When comparing online loans with other popular asset classes, their impressive performance is highlighted. A GCPP-based portfolio of online loans outperforms the Bloomberg U.S. Aggregate Bond Index by over four times and exceeds the IRR of the MSCI U.S. REIT Index (a popular benchmark for real estate investments) by more than double. These findings underscore how online loans represent an attractive, novel asset class with high rates of return and low correlation to traditional investments, expanding the investor’s opportunity set.

Diversification and Risk Mitigation

The success of online loans as an investment option ultimately depends on their ability to offer attractive returns to sophisticated investors. The answer to this critical question is almost indisputable: online loans constitute an attractive new asset class when advanced techniques for portfolio optimisation are applied. Consequently, we predict that the ongoing shift in the investor base toward institutional investors will be both successful and sustainable.

Recommendations for Institutional Investors

In light of these findings, it is strongly recommended that institutional investors consider online lending as an important part of their asset allocation strategy. By diversifying their holdings to include online loans, investors with substantial exposure to traditional assets can enhance their overall portfolio return while mitigating risk

The desirable returns and diversification benefits of online loans should encourage greater institutional participation, further fostering the growth of online lending markets.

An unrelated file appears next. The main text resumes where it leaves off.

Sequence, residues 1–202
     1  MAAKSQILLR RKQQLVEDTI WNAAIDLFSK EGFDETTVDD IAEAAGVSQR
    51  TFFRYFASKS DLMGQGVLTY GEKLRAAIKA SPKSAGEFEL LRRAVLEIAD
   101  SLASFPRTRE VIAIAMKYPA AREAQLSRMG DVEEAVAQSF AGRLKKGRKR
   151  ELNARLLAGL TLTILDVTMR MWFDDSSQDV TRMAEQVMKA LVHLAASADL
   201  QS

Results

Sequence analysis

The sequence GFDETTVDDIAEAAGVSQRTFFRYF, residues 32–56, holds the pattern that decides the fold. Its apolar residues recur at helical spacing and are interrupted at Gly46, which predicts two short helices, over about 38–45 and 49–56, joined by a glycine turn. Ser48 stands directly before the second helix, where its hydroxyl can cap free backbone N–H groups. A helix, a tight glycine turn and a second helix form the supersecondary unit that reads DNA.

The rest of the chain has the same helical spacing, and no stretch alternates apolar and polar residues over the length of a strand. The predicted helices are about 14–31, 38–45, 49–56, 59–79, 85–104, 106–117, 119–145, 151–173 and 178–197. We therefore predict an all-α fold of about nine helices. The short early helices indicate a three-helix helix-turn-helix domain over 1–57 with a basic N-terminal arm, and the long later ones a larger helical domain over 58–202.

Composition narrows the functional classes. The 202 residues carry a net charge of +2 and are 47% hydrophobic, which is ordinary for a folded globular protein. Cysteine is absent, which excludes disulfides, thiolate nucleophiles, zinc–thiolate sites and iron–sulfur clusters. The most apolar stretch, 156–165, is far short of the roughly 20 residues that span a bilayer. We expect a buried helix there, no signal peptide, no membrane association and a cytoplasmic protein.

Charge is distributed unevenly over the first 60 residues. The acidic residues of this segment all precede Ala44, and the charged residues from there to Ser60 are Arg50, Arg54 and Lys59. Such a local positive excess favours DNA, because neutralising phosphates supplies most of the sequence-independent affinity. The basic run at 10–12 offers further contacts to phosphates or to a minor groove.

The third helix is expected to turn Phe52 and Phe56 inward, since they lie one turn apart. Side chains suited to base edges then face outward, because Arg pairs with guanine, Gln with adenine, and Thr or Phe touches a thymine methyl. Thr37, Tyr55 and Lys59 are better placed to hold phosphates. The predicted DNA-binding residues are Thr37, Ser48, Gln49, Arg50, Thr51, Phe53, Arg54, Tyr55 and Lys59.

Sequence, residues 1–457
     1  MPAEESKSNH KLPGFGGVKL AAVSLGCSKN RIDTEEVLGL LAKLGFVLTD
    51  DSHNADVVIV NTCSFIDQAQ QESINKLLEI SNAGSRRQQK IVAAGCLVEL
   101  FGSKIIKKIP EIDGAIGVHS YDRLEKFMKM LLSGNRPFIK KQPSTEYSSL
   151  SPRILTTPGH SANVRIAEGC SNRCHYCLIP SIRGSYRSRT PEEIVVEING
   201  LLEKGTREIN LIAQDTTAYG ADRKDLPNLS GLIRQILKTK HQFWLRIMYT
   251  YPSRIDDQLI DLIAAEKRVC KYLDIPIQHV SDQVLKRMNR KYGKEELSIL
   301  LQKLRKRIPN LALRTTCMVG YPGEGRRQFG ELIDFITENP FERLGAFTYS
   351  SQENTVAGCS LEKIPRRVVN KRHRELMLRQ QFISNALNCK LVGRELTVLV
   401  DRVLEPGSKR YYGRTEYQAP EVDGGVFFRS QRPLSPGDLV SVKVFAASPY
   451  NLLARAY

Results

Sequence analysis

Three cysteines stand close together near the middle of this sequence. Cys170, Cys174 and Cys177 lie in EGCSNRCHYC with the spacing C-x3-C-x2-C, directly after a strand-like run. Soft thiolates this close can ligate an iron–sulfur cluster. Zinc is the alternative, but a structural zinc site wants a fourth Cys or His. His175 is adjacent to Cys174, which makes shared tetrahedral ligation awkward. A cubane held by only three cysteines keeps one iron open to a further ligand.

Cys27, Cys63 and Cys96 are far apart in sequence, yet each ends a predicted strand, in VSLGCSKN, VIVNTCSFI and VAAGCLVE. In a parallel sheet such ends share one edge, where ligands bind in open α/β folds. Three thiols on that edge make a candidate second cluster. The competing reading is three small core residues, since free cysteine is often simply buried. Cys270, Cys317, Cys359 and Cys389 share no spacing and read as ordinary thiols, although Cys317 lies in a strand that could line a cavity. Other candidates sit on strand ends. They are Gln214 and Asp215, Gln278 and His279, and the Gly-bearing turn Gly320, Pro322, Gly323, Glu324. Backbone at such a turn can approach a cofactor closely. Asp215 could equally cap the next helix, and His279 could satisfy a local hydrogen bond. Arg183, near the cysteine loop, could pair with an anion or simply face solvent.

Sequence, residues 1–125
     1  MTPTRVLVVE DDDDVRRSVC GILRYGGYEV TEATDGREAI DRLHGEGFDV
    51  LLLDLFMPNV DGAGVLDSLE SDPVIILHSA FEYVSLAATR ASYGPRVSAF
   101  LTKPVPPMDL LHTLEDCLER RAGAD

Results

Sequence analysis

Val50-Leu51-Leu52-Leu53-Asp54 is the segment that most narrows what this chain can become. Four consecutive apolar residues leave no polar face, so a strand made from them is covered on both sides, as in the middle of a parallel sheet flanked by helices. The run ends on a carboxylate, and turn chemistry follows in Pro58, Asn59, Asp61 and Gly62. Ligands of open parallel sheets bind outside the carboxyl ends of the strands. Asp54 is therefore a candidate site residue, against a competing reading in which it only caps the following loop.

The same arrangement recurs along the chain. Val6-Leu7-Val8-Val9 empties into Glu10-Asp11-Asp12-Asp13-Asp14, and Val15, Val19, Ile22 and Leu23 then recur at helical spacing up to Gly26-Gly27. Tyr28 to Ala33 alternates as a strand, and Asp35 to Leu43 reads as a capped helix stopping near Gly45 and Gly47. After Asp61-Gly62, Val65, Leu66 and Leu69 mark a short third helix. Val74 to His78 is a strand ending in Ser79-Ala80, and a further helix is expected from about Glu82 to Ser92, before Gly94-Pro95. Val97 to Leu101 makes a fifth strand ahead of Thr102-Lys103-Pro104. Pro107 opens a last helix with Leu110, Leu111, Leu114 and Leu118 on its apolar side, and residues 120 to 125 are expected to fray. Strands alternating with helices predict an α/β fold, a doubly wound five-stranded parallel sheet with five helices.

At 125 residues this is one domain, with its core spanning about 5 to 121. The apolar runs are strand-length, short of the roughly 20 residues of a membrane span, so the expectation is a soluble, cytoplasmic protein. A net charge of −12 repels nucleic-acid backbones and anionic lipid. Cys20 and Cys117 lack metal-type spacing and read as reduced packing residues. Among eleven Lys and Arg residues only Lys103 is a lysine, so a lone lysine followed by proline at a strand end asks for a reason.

Closing Thoughts

The rapid evolution of FinTech has presented a plethora of benefits to various sectors, and welcomed a new era of investment opportunities. Online lending platforms have significantly emerged as a promising alternative to traditional assets like stocks, bonds, and real estate, and our recent research has indicated that, when sophisticated portfolio construction techniques are applied, online loans can deliver significantly higher returns, outperforming traditional benchmarks and offering valuable diversification benefits.

As the investor base in online lending continues to successfully shift towards institutions, those who embrace this opportunity early are likely to reap the rewards.

About The Authors

Ram GopalRam Gopal is Director of the Gillmore Centre for Financial Technology at Warwick Business School. He is also the Information Systems Society’s Distinguished Fellow and a Professor of Information Systems and Management. He was previously the Head of the Department of Operations and Information Management in the School of Business, University of Connecticut from 2008-2018. He is currently a Senior Editor of Information Systems Research and has held editorial positions at Decision Sciences, Journal of Database Management, Information Systems Frontiers, and Journal of Management Sciences. He served as the President of the Workshop on Information Technologies and Systems from 2016 to 2018.

Moris StrubMoris Strub is a member of the Gillmore Centre for Financial Technology at Warwick Business School. He is also an Associate Professor with the Information Systems & Management group. Before joining WBS, Moris was an Assistant Professor for Financial Engineering at the Southern University of Science and Technology Business School. He obtained a PhD in Financial Engineering from the Chinese University of Hong Kong and holds a BSc in Mathematics and MSc in Applied Mathematics from ETH Zurich, both obtained with distinction.